Go to the Globe and Mail homepage

Jump to main navigationJump to main content

A few of the Canadian fans who were able to watch and celebrate a gold medal at Real Sports Bar in Toronto as Canada defeated the United States in women’s hockey at the Sochi Olympics on Feb. 20, 2014. (Kevin Van Paassen/The Globe and Mail)
A few of the Canadian fans who were able to watch and celebrate a gold medal at Real Sports Bar in Toronto as Canada defeated the United States in women’s hockey at the Sochi Olympics on Feb. 20, 2014. (Kevin Van Paassen/The Globe and Mail)

It was sudden death for workplace productivity as Canada won gold in women’s hockey Add to ...

Ontario Premier Kathleen Wynne was rushing between meetings in Toronto during the overtime period, but insisted on poking her head in the government caucus office to watch for a couple minutes, according to her office. By sheer luck, she happened to be there when the goal was scored and the room burst into cheers. She told staff she was “thrilled.”

“I was at my office at the School of Public Policy and Governance [at the University of Toronto], where everyone was glued to their livestreams,” former federal Liberal Party leader Bob Rae said in an e-mail. “Simultaneous eruptions of joy everywhere. Great fun.”

“From what I can tell, the entire country shut down,” said former Ontario Progressive Conservative leader John Tory, who is now an afternoon talk-show host on Toronto radio station CFRB and is considering a run for the city’s mayoralty.

He was driving to work listening to the game on the radio when the team was down by two goals. Later, in the radio station, he could hear others erupting as the women scored their comeback goals.

“I almost fell over when in about the first minute of OT we had a close call,” he said. When they won he was preparing for his show, but the rest of the radio station sounded like a party, he said.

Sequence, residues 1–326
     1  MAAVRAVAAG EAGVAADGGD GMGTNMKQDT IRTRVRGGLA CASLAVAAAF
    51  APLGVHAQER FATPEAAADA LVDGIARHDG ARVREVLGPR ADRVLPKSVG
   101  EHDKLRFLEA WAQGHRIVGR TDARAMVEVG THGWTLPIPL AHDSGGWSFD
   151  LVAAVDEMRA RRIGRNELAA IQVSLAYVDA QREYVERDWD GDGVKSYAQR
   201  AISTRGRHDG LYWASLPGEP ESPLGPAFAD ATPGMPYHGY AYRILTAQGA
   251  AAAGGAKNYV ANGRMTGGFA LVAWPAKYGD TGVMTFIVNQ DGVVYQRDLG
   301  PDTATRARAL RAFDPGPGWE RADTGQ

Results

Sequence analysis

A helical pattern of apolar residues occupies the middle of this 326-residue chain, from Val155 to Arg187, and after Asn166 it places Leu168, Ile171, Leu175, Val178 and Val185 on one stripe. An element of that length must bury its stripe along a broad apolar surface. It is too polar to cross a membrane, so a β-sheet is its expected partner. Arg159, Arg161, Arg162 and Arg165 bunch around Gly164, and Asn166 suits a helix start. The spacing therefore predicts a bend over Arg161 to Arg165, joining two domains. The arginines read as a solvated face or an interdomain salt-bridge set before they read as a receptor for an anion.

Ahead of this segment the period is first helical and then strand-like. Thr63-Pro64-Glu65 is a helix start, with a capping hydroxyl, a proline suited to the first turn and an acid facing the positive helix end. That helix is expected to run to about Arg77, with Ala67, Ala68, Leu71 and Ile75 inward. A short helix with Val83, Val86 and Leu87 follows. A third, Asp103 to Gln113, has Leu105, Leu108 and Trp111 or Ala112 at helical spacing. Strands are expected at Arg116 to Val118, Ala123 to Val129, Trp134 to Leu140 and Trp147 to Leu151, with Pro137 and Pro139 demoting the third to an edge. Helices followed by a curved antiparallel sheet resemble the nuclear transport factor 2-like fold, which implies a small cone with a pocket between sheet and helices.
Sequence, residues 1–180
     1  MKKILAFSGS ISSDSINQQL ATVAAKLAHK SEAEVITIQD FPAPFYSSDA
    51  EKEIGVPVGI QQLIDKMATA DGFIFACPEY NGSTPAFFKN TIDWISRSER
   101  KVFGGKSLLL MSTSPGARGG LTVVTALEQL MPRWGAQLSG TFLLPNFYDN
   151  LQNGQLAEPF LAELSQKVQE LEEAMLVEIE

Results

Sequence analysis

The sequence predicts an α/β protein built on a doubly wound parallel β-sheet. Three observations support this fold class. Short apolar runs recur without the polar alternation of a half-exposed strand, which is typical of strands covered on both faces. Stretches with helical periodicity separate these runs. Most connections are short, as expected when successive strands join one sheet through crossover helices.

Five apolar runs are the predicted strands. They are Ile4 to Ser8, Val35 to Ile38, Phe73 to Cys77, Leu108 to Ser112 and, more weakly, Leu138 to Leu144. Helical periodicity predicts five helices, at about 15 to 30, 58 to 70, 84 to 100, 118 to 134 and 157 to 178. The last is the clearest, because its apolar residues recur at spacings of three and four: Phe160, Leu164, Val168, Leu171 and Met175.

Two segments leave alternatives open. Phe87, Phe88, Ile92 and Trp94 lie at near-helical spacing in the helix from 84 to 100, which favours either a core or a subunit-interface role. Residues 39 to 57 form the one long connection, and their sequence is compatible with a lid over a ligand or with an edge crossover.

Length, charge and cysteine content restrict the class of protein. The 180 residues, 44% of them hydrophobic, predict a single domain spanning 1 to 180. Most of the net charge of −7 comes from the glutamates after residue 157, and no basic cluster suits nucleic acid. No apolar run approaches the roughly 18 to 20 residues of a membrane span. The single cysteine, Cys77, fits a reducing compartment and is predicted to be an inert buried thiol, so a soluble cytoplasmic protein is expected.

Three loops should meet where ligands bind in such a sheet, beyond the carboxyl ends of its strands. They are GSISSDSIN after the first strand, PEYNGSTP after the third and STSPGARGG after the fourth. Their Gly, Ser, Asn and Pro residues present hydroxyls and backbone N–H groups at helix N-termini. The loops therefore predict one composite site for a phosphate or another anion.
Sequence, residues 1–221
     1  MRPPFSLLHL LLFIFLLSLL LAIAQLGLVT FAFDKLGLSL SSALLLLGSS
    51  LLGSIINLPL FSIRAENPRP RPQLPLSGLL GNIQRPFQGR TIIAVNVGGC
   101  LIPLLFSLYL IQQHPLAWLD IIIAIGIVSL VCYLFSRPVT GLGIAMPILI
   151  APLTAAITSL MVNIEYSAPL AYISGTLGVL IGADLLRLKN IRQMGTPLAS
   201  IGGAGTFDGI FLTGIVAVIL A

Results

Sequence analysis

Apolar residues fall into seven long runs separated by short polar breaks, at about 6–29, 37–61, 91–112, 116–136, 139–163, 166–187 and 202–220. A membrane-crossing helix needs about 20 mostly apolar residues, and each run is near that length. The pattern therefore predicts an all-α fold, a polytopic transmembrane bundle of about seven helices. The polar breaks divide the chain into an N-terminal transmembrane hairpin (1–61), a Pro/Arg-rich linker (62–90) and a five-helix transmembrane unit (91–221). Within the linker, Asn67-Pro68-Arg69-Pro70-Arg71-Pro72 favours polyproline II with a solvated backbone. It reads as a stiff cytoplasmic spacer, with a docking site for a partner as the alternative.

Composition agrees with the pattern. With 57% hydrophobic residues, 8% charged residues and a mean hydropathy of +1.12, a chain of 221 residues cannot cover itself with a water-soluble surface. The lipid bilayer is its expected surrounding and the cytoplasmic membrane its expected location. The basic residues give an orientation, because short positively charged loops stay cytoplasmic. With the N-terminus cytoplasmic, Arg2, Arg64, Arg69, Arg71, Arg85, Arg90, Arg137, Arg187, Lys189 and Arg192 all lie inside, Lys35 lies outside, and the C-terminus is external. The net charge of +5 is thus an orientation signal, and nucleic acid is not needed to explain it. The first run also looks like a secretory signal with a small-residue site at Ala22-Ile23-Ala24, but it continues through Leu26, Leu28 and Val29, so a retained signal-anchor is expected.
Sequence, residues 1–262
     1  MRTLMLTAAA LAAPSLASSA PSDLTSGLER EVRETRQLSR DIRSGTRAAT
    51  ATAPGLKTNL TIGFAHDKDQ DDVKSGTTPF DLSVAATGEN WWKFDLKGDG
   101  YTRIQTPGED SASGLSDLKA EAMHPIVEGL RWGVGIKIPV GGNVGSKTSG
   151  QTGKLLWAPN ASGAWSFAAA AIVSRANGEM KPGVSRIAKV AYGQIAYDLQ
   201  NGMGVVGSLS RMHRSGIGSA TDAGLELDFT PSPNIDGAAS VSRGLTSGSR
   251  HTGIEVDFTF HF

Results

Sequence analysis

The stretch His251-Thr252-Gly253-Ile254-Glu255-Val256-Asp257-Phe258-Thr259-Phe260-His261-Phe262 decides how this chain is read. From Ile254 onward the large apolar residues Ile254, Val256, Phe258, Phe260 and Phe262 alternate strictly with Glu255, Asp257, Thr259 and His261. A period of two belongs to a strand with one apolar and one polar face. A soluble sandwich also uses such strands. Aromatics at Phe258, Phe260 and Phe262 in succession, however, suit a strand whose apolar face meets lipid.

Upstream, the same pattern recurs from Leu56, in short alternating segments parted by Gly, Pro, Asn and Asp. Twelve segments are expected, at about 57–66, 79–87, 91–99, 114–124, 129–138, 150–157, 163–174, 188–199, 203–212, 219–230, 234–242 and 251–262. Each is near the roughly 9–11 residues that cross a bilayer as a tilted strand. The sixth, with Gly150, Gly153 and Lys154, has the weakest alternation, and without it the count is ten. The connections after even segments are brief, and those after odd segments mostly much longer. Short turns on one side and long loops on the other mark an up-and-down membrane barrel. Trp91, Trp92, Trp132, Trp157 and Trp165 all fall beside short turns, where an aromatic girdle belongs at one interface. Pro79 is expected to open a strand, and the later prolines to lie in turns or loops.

Tory wasn’t the only one who didn’t get to see the final seconds. Kellie Leitch, Canada’s Labour Minister and Minister for the Status of Women, was driving in her truck in the Toronto area while listening to the game on the radio.

“When [Brianne] Jenner scored [to cut the U.S. lead to 2-1], I was hopeful, because obviously they were reaching down deep,” Dr. Leitch said. When the game was tied, “we almost drove off the road,” she added.

“Today’s been a fabulous day for female Canadian athletes,” she said. “So many young women and girls in this country will be so inspired, and should be so proud of these Canadians.”

Linda Hasenfratz, chief executive officer of auto parts maker Linamar Corp., watched the game with her daughter who is ill in hospital with pneumonia in Guelph, Ont.

“I am keeping her company so we have been filling the day watching the Olympics (while I prepare for quarter end at the same time),” Ms. Hasenfratz said in an e-mail. “I tried to tell Emily if she wasn’t sick we would not have had the chance to watch the game so a bit of a silver lining.”

Some lucky individuals got to be at the game in person.

“I watched the game live with many from the NHL, including management, other owners, and Gary Bettman,” George Gosbee, a co-owner of the Phoenix Coyotes, e-mailed from the after party in Sochi. “After Canada scored to tie it, everyone was standing and cheering. Not just because Canada scored, but because we were watching a great, passionate game.”

With reports from Oliver Moore, Jeff Gray, Greg Keenan, Boyd Erman, John Daly, Simon Houpt, Kelly Cryderman, Elizabeth Church, Adrian Morrow, Gloria Galloway, Tim Kiladze, Dave Parkinson, Sandra Martin, Josh Wingrove, Kim Mackreal, Kevin Carmichael, Jacqueline Nelson and Jane Taber

Single page

Follow us on Twitter: @globeandmail

Top stories

Most popular video »

Highlights

Most Popular Stories